President Trump’s relationship with Chinese counterpart Xi Jinping paying dividends: White House

Meanwhile, the Pentagon reiterated its resolve towards maintaining freedom of navigation in South China Sea and other parts of the world.

By: PTI | Washington | Published: May 16, 2017 10:20 am
Donald Trump, Donald Trump and Xi Jinping, US-China realtions, US and China realtions, US-China colaborations, US and China news, Latest news, International news, World news, Foreign Affairs, Strategic Affairs, latest news,  US President Donald Trump and his Chinese counterpart Xi Jinping. White House Press Secretary Sean Spicer said going forward the United States and China are going to collaborate in a lot of areas.

The relationship that the US President Donald Trump was able to establish with his Chinese counterpart Xi Jinping in Mar-a-Lago last month is paying dividends, the White House has said.

“The relationship that the President established with President Xi down in Mar-a-Lago is continuing to pay dividends for our country,” the White House Press Secretary Sean Spicer told reporters at his daily news conference.

“Whether it’s this policy, or trade, or market access, we’re going to continue to see all of those individuals from the President’s Cabinet that were down in Mar-a-Lago continue to work with their counterparts in China to find a path forward,” he said.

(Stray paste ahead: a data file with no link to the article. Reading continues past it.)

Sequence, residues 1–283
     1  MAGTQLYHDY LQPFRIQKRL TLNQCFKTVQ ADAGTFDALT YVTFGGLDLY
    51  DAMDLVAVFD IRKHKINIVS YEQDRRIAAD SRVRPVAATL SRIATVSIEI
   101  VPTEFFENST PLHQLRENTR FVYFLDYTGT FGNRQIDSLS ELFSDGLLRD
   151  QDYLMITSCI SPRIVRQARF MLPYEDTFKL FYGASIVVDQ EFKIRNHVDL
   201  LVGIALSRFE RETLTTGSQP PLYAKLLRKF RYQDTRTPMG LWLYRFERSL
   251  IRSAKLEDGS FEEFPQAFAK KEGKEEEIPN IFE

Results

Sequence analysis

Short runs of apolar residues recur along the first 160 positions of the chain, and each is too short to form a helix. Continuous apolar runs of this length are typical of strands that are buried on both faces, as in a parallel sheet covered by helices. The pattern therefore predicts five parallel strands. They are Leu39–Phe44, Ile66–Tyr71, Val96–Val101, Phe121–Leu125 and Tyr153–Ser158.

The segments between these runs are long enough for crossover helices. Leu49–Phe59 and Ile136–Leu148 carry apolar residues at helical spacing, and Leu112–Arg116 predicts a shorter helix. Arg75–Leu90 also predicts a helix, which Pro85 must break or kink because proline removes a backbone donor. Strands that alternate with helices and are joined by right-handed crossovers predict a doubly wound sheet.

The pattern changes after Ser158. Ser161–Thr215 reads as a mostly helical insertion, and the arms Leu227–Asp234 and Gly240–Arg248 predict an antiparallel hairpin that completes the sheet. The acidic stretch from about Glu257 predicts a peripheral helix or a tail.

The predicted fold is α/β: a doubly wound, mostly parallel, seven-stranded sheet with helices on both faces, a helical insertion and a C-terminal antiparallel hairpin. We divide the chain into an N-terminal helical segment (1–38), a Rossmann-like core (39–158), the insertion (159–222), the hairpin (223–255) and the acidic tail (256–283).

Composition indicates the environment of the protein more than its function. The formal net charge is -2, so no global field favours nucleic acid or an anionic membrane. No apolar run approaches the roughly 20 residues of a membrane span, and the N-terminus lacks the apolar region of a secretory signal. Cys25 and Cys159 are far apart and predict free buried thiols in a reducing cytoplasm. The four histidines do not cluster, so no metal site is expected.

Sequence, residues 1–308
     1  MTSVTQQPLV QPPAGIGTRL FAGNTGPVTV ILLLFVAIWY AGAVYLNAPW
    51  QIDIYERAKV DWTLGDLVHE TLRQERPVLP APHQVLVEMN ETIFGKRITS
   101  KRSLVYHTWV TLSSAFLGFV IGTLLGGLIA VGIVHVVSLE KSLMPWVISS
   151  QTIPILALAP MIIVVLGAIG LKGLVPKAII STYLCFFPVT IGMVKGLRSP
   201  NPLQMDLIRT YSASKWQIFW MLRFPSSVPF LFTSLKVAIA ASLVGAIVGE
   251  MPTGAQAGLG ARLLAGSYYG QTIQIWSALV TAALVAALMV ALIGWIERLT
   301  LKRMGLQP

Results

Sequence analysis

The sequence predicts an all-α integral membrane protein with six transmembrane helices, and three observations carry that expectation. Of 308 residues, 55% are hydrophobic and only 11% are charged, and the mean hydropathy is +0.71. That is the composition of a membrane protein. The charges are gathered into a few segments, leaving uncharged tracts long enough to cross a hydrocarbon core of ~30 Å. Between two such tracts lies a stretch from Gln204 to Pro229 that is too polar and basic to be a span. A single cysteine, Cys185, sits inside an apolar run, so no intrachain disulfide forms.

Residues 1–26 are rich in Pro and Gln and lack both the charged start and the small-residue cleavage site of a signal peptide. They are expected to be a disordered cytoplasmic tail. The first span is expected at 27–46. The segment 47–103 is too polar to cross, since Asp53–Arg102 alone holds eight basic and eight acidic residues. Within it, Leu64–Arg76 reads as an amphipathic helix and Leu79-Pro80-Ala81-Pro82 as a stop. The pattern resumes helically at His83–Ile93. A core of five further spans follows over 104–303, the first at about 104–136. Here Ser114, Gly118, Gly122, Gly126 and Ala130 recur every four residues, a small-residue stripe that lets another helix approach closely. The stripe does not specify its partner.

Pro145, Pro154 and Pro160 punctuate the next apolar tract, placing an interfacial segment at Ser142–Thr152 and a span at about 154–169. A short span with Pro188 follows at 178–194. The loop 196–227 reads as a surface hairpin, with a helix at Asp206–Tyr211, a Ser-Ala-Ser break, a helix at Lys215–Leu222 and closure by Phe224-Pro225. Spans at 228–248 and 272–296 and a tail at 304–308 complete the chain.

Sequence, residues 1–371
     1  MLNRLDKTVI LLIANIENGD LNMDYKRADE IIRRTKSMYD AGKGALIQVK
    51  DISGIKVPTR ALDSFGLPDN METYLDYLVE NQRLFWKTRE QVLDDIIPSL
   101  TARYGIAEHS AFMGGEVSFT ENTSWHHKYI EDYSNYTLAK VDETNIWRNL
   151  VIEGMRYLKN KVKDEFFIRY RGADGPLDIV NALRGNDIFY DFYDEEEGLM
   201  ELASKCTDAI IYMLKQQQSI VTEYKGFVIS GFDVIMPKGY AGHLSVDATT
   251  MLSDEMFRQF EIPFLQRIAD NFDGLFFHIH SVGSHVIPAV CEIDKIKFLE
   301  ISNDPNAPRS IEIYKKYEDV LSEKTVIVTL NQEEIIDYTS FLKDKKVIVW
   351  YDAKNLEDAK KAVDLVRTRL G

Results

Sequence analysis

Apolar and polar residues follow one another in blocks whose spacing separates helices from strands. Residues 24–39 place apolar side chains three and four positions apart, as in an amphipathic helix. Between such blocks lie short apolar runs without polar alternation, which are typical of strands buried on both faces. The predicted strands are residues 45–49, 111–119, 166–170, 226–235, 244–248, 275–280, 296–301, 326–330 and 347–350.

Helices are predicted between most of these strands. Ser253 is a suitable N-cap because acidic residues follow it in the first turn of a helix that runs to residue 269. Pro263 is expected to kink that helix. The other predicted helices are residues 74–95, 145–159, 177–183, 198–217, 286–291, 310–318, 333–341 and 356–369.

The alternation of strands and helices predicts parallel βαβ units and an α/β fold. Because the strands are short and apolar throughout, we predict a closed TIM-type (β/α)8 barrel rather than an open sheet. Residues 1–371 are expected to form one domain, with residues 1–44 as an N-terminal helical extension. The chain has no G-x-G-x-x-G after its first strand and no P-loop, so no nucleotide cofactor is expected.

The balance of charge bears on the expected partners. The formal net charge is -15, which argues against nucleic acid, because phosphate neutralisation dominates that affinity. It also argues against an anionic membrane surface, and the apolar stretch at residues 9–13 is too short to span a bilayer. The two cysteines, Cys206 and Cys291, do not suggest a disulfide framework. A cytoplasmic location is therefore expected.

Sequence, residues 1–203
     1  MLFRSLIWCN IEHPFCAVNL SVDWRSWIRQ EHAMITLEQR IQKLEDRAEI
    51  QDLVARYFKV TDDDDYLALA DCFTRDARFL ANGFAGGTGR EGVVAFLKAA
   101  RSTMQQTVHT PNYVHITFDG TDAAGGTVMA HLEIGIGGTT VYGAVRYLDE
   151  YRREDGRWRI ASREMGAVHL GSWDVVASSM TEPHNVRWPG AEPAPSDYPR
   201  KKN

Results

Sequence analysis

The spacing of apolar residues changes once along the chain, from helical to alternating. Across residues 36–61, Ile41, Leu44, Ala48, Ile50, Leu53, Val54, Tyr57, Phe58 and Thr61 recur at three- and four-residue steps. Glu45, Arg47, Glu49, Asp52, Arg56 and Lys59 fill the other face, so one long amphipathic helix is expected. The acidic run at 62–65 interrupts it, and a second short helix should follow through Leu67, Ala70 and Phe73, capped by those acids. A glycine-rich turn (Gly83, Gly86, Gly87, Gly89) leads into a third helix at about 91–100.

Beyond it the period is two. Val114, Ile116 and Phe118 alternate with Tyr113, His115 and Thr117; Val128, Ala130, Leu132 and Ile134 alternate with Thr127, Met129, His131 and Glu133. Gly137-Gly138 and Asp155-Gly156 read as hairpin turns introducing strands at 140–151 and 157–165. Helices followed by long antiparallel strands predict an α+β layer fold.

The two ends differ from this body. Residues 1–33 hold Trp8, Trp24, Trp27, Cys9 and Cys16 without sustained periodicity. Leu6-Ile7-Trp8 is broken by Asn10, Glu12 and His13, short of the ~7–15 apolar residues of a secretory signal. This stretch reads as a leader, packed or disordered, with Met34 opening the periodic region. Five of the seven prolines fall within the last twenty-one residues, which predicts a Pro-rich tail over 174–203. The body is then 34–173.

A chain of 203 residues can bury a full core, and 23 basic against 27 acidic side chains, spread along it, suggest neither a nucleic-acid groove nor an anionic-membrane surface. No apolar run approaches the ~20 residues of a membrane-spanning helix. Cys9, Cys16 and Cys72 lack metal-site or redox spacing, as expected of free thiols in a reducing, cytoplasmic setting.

Going forward the United States and China are going to collaborate in a lot of areas, he said.

Meanwhile, the Pentagon reiterated its resolve towards maintaining freedom of navigation in South China Sea and other parts of the world.

“It’s unfortunate that that issue, if you do a quick word association game and you say “freedom of navigation operations,” the immediate thing that comes back into the person’s mind is China, and that’s actually not what freedom of navigation is about,” the Pentagon Spokesman Captain Jeff Davis told reporters at a news conference in Washington.

“We did last year, freedom of navigation assertions against 22 different countries all over the world. Many of those countries are friends and allies. It’s not about one country. It’s not about one body of water,” he said.

“Unfortunately, I think the public narrative has made it about China and the South China Sea. It’s not that. It’s about asserting international rights to navigate in waters that international law accepts, and these are rights and benefits that benefit all countries on Earth, to include China,” Davis said.

“We will continue to do them. But we don’t intend certainly to tell you about them in advance, and we do tell you about them after,” he said in response to a question.

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